The InfiniBand interconnect grew out of the ashes of a struggle over the future of server I / O at the end of the last millennium, and instead of becoming that generic I / O, it became a low-latency, high-performance interconnect. large bandwidth used for high performance computing. And in this role he undoubtedly succeeded.
Over the past fifteen years, InfiniBand has grown as a system interconnect with some vendors – IBM has used InfiniBand as a peripheral I / O bus on power systems and mainframes for many years, but never called him that. InfiniBand was also used as a cluster storage backbone and is now the preferred inter-node network for AI clusters performing machine learning training. If you were building a DB cluster, you would probably choose InfiniBand interconnects, like Oracle did for its Exadata system, for example.
After two decades, this turns out to be a reasonable facsimile of the vision that Phil Murphy, one of the co-founders of Cornelis Networks and CEO of the company, had when he left Unisys in 1999 after the founding of ‘InfiniBand by IBM and Intel and formed SilverStorm Technologies to manufacture InfiniBand switching hardware and software. PathScale, a manufacturer of InfiniBand host adapters, was acquired by manufacturer of fiber channel switches and adapters QLogic for $ 109 million in February 2006, then QLogic continued with the acquisition of SilverStorm for $ 60 million in October 2006 to complete the acquisition of InfiniBand switches from Ancor Communications. for $ 15 million almost six years earlier – some say before the market was really ready for InfiniBand switching.
QLogic merged these technologies to create its TrueScale InfiniBand charging platform, which was acquired by Intel in January 2012 for $ 125 million and which ran much of the networking software stack on the CPU cores of server nodes – something Intel obviously loved. Just three months later, Intel acquired Cray’s “Gemini” XT and “Aries” XC interconnect companies for $ 140 million, and began creating the Omni-Path interconnect, which would marry some of the concepts of InfiniBand with Aries to create a new type of high performance interconnect suitable for all the workloads mentioned above. Omni-Path was a key part of the Xeon Phi âKnightsâ compute accelerators and Intel’s overall supercomputing efforts. Knights processors were phased out three years ago, and Omni-Path is now taking a new course under Cornelis – one that Murphy says is better suited to the current and future state of high-performance computing and storage.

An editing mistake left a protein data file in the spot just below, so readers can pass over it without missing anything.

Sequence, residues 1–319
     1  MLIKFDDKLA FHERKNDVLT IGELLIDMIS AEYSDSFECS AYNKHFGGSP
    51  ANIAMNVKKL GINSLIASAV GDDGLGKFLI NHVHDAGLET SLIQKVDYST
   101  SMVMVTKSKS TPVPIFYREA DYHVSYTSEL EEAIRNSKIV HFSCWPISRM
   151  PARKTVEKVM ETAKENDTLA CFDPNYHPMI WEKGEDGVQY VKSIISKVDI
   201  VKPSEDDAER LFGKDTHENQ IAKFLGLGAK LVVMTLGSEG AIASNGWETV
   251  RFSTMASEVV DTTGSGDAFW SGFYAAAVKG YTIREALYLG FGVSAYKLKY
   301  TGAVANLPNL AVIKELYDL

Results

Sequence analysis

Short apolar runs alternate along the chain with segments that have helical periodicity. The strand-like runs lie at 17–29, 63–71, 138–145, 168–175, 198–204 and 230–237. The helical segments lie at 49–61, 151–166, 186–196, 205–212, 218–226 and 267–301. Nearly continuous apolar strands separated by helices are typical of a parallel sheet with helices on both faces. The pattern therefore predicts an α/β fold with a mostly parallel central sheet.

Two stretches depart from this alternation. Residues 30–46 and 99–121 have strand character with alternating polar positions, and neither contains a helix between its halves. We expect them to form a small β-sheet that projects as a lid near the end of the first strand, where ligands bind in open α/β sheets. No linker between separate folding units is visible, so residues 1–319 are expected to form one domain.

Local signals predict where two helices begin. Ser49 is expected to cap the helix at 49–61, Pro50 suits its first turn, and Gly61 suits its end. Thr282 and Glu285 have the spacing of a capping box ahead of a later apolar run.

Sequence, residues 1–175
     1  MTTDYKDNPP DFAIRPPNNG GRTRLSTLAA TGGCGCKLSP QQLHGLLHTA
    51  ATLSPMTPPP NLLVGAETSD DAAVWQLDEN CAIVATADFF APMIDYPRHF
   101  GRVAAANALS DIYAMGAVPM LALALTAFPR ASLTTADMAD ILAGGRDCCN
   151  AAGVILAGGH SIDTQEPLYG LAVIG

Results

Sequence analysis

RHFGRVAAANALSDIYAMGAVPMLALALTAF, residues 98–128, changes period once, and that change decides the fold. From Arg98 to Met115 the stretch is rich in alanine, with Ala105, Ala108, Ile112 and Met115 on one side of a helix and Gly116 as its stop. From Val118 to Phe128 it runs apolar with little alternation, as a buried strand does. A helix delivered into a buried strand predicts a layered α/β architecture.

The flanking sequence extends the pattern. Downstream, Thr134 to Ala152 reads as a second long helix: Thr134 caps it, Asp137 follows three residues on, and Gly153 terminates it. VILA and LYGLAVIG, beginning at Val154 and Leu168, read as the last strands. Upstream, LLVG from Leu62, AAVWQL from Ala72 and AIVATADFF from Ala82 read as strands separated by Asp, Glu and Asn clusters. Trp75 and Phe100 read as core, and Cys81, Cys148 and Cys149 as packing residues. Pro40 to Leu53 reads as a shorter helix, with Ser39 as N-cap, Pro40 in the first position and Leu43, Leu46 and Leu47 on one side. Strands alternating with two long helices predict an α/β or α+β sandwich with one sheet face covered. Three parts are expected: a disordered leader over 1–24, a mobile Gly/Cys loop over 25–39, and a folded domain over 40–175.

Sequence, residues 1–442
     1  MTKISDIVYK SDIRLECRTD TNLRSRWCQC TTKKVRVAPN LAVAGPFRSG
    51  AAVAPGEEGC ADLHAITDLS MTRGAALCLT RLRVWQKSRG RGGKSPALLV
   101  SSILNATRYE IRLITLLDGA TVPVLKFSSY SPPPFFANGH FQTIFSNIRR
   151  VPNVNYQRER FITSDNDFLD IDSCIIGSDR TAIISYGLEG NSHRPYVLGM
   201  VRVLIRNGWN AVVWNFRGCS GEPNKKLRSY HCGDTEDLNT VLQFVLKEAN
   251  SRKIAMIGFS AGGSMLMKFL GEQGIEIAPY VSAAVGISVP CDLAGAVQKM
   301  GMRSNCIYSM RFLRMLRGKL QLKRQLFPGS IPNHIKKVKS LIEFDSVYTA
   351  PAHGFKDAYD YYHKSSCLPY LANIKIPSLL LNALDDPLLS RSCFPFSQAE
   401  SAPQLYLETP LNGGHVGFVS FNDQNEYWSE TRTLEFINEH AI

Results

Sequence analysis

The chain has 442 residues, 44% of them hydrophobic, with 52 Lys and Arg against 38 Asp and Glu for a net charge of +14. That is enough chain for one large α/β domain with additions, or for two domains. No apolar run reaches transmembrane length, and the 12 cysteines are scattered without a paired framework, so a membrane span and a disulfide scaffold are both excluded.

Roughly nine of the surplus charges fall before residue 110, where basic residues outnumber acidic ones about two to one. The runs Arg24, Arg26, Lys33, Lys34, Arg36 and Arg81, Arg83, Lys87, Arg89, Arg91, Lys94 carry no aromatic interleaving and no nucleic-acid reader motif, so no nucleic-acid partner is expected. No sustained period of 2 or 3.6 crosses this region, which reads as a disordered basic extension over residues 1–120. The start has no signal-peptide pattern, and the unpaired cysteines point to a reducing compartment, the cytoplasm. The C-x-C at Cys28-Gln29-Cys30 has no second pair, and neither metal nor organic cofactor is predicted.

A little history on the InfiniBand protocol is in order to fully understand the turn that Cornelis will take with his implementation of Omni-Path InfiniBand.
âInfiniBand’s verb-based software infrastructure is really based on InfiniBand’s original goals, which were to replace PCI-X and Fiber Channel and possibly Ethernet,â Murphy said. The next platform. âThe verbs weren’t structured at all for high performance computing. PathScale created Performance Scale Messaging, or PSM, which was completely independent of InfiniBand verbs and was a specific parallel transport layer focused on HPC. In business, when I’m talking to 40 or 50 disk drives or 40 or 50 pairs of queues, I can cache it on my adapter and it works great. But in HPC when I have a node with a hundred cores and a thousand nodes it becomes a giant scalability problem that we just can’t handle in the adapter cache. PSM could do it better, but even this was invented two decades ago and the world has continued to evolve. We’re seeing the convergence of HPC, machine learning, data analytics, and there are also accelerators as well as processors in the mix now. “
Fortunately for Cornelis, about seven years ago, researchers and technologists who were part of the OpenIB Alliance founded in 2004 created the OpenFabrics Interfaces working group to extend remote direct memory access (RDMA) and kernel bypass techniques, which give InfiniBand and RDMA over Converged Ethernet (RoCE) their low latency to supplement their high bandwidth, to other types of networks. the libfabric library is the first implementation of the OFI standard, and it is a layer that sits above the network interface card and OFI vendor driver and between MPI, SHMEM, PGAS and other memory sharing protocols typically run on distributed computer systems for HPC and AI. It looks like this: